Trustwave Rapid Response: CrowdStrike Falcon Outage Update. Learn More

Trustwave Rapid Response: CrowdStrike Falcon Outage Update. Learn More

Managed Detection & Response

Eliminate active threats with 24/7 threat detection, investigation, and response.

Co-Managed SOC (SIEM)

Maximize your SIEM investment, stop alert fatigue, and enhance your team with hybrid security operations support.

Advisory & Diagnostics

Advance your cybersecurity program and get expert guidance where you need it most.

Penetration Testing

Test your physical locations and IT infrastructure to shore up weaknesses before exploitation.

Database Security

Prevent unauthorized access and exceed compliance requirements.

Email Security

Stop email threats others miss and secure your organization against the #1 ransomware attack vector.

Digital Forensics & Incident Response

Prepare for the inevitable with 24/7 global breach response in-region and available on-site.

Firewall & Technology Management

Mitigate risk of a cyberattack with 24/7 incident and health monitoring and the latest threat intelligence.

Offensive Security
Solutions to maximize your security ROI
Microsoft Exchange Server Attacks
Stay protected against emerging threats
Rapidly Secure New Environments
Security for rapid response situations
Securing the Cloud
Safely navigate and stay protected
Securing the IoT Landscape
Test, monitor and secure network objects
Why Trustwave
About Us
Awards and Accolades
Trustwave SpiderLabs Team
Trustwave Fusion Security Operations Platform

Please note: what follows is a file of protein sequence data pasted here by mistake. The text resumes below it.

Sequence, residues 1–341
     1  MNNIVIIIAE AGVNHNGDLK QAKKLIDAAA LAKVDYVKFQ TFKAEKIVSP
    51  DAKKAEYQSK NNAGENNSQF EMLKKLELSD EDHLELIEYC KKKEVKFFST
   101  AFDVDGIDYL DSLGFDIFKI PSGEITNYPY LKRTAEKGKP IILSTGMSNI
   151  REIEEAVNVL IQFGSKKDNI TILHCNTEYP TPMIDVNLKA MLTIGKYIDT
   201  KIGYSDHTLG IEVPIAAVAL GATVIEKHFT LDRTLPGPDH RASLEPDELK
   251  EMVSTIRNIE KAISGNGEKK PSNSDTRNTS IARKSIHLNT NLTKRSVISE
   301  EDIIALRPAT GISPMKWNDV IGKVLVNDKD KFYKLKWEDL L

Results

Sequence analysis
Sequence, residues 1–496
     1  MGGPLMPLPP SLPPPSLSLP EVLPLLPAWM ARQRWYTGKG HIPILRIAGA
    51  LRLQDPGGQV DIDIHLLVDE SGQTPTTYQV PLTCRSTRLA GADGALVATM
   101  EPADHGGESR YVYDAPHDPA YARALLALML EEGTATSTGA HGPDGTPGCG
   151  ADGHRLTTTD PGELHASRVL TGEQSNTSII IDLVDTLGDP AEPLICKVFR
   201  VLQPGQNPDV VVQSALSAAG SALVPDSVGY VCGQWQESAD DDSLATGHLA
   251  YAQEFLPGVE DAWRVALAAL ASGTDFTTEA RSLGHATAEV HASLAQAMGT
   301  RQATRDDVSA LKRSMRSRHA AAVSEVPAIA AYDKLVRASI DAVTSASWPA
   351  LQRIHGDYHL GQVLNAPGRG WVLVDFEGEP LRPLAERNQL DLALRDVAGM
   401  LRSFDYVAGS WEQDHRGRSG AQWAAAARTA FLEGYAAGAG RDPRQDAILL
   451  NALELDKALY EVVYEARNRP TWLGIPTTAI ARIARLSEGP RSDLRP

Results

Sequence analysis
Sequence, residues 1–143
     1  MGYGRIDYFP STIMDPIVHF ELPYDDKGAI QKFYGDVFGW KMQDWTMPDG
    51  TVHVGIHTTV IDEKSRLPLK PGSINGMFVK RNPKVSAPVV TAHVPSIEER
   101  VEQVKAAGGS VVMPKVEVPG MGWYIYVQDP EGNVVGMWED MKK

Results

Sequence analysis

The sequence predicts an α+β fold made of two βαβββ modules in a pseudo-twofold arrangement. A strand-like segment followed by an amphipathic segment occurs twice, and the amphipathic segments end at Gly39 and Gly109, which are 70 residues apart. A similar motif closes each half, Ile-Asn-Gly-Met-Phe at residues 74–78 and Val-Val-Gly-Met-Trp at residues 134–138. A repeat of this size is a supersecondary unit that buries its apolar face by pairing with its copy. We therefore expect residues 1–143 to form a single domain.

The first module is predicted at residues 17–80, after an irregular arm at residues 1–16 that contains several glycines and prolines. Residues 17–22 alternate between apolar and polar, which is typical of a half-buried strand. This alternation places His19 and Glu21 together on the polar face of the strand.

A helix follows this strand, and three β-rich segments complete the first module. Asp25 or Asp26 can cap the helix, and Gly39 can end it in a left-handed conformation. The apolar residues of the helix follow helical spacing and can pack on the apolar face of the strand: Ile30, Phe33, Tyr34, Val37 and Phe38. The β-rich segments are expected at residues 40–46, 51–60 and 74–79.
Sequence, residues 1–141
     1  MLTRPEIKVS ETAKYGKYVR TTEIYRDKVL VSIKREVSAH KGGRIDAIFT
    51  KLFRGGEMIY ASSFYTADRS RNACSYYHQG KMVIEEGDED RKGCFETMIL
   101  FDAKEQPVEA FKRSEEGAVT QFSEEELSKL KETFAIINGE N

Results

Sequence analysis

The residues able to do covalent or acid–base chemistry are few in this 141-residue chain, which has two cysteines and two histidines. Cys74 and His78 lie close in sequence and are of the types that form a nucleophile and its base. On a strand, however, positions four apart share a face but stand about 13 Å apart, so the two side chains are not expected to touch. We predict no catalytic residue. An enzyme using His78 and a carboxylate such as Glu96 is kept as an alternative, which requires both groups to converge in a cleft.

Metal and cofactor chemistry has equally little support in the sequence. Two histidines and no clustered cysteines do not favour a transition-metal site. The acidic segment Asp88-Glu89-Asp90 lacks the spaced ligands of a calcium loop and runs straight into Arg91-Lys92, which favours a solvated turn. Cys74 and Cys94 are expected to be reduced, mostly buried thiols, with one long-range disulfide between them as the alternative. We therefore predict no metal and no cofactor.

Trustwave Security Colony
Technology Alliance Partners
Key alliances who align and support our ecosystem of security offerings
Trustwave PartnerOne Program
Join forces with Trustwave to protect against the most advance cybersecurity threats
SpiderLabs Blog

Exploiting Password Recovery Functionalities

Password recovery functionalities can result in vulnerabilities in the same application they are intended to protect. Vulnerabilities such as username enumeration (showing different error messages when the user exists or not in the database), sensitive information disclosure (sending the password in clear-text by e-mail to user) and recover password message hijack (involving an attacker receiving a copy of the recover password message) are some common vulnerabilities that may be found in a password recovery functionality. Various developers don't take into consideration the real implications of unsecure password recovery, and this blog post will show how things get complicated when developers don't apply basic security practices to this kind of functionality.

An example of a good password recovery functionality generates a token and sends this token by e-mail to the user as a one-time password recovery method (commonly as a link). This token should have the following characteristics:

  • have at least 64 chars in length
  • be unique
  • be random
  • be one-time use only
  • and have a short life (expire in 24h or less)